There’s a scene in an old Chuck Norris movie from 1986 where Chuck Norris’ character and his foil (played by Louis Gossett, Jr.) are stranded in a Mexican jungle. It’s an action-adventure film, but at its core the movie is about two guys, one of whom is an eternal optimist (Chuck Norris’ character) and one of whom is an eternal pessimist (Lou Gossett’s character).
At one point Lou turns to Chuck and complains that they are lost. “We’re not lost”, says Norris. “We’re just off-course.” “What’s the difference?” asks Lou. “Attitude”, answers Chuck.
The other night I was sharing a taxi in NYC with our friends Lindsay and Devyn. We were discussing the letters I’ve been writing to you, and Devyn and Lindsay were giving me their thoughts about the impact these letters might have on you when you read them as an adult. They also commented on the impact the letters are having on them now as young women making their way in the world.
I was flattered by their kind words, and I decided to ask them if there was a particular topic they thought might be interesting or beneficial for a young person to ponder. Without hesitation, Lindsay suggested that I write about the law of attraction.
I asked her what she meant by that. I assumed she was saying I should write you a letter about pheromones and what attracts people to each other, or about the things people do and say when they’re in love, or about the notion that beauty is subjective and “in the eye of the beholder”, or maybe even about how a young girl’s (or woman’s) self esteem is impacted by society and by Madison Avenue’s definition of physical beauty.
Those are all interesting issues, actually, and maybe I’ll write to you about them sometime. As it turns out, though, Lindsay was referring to the belief that “like attracts like” and the notion that by focusing on positive thoughts or negative thoughts, one can actually bring about positive or negative results.
A well-documented example of the law of attraction is most commonly experienced in medical trials and is called the placebo effect. The placebo effect refers to the phenomenon that patients in clinical trials who believed they would be positively affected by a certain medication fared better than those who did not, even when they were given a placebo (for example a sugar pill) instead of actual medication.
Similarly, the medical literature talks about the nocebo effect. That’s where a patient in a clinical trial experiences negative side effects or other negative consequences due to a negative image of a certain medication. It has been documented that these negative results are very real even in instances where the subject was not given the medication at all but rather was given an inert pill.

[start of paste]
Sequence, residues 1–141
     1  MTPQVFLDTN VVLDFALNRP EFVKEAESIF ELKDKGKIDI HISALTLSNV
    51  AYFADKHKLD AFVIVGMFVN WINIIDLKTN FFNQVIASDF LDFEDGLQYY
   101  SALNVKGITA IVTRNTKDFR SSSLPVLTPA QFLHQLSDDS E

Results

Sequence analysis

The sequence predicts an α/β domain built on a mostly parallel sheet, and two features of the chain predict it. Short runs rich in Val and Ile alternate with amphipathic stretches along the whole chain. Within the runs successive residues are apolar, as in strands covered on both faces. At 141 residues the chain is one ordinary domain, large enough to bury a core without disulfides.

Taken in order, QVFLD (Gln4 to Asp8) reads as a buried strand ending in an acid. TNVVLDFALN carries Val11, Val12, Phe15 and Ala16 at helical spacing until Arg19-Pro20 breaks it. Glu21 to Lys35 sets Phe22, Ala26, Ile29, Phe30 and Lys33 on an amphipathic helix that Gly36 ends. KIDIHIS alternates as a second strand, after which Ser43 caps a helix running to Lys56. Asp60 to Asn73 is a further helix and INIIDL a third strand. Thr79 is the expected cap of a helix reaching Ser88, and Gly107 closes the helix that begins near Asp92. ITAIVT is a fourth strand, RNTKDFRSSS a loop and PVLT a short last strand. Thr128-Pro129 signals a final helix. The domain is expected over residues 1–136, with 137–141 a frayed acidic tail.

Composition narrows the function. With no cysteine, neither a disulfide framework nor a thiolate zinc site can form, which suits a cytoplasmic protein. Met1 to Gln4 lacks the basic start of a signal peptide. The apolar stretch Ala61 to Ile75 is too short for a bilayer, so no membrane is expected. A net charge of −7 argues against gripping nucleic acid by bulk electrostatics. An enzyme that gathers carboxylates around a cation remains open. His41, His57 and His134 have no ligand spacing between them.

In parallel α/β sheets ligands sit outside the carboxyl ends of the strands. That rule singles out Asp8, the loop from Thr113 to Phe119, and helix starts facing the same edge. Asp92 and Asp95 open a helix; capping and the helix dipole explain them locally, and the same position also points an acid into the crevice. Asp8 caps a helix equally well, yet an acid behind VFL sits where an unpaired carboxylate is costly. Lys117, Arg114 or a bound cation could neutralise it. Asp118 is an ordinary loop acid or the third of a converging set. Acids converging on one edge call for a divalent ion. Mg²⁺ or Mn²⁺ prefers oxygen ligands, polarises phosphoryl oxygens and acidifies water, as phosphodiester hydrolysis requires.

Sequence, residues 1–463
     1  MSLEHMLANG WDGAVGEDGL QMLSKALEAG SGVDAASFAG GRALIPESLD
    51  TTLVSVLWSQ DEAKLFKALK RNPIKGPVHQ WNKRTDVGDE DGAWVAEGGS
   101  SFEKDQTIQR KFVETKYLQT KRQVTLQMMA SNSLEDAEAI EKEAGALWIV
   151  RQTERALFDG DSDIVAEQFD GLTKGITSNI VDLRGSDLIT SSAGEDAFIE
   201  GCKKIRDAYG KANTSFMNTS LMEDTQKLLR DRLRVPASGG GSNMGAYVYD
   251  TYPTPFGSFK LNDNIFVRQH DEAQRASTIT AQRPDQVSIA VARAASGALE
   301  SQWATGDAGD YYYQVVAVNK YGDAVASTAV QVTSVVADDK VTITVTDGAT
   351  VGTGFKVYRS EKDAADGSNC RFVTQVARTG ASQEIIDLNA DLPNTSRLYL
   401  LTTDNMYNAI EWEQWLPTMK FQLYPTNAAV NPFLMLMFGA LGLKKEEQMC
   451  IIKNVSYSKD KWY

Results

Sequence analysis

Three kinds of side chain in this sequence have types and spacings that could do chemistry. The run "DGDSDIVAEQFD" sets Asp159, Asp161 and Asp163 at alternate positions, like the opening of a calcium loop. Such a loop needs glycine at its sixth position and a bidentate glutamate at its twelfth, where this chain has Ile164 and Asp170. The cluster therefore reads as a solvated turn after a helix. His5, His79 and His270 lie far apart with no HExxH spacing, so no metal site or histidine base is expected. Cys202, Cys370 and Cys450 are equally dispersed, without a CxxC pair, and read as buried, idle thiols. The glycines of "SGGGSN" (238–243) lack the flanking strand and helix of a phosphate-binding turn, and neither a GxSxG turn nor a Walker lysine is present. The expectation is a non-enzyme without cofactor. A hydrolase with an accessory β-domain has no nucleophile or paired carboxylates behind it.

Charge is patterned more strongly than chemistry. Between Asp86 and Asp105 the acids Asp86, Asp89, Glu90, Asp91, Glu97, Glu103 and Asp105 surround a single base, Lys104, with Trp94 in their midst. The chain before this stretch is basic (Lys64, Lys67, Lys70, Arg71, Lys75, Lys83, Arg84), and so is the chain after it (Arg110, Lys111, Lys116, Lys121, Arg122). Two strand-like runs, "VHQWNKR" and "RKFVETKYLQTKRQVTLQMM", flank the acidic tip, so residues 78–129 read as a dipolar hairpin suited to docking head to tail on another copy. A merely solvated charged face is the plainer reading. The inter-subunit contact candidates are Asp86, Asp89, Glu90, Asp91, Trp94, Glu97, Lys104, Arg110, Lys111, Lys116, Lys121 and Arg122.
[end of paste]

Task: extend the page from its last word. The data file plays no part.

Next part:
But can that really be? Is it possible that ultimately you can if you think you can, but you can’t if you think you can’t? Obviously it isn’t that simple. There’s a lot to be said for positive thinking, of course. Yet jumping off a tall building because you believe you can fly can get you dead, no matter how genuine your belief is. And it doesn’t matter how legitimately I think I’m better than Lebron James. He can take me to the hoop a hundred times out of a hundred.
And what about the converse? Can you find love if you don’t think you’re worthy of love? Can you solve a math problem if you don’t think you’re good at math? These are all challenging questions.
I have a friend who keeps an aquarium filled with exotic fish. He prides himself on being able to keep predator fish in the same tank as other fish that would normally be their lunch. Here’s what he does.
First he puts all the fish in the same tank and separates them with a clear hard plastic plate. When the predator fish tries to get to the other side to eat its quarry, it runs into the invisible wall and can’t get past. After a week or so of doing this, the fish gives up because it no longer believes it can get to the other side. By the time my friend removes the clear plastic plate, the predator fish stays on its side of the tank on its own.
I have no idea if that consistently works (please, don’t try this with fish you don’t want to lose) but either way it makes the point. Your mind and your psyche are incredibly powerful instruments, Mackenzie. We will usually not achieve that which we believe we can’t achieve because consciously or otherwise we will not try. If we don’t believe we are worthy of love we will sabotage efforts by others to love us. In very large measure, losers lose simply because they expect to.
On the other hand, winners expect to win. Positive thinking by itself is not enough, but it’s the foundation of success. As the noted motivational speaker Zig Ziglar likes to say, positive thinking will let you do everything better than negative thinking will.
As you go through life, my sweet daughter, I hope you’ll always land on the positive side of the law of attraction. I hope you’ll always see the glass half full and not half empty. I hope you’ll never be lost, but only “off-course”.
Incidentally, that 1986 film is called “Firewalker” if you ever want to see it. And, oh yeah, I produced it. Your uncle Ron once told me it was one of the best movies he had ever seen. Then again, he was courting your aunt Viv at the time so it’s possible he was mildly exaggerating. I guess that’s a different law of attraction altogether.
All my everlasting love,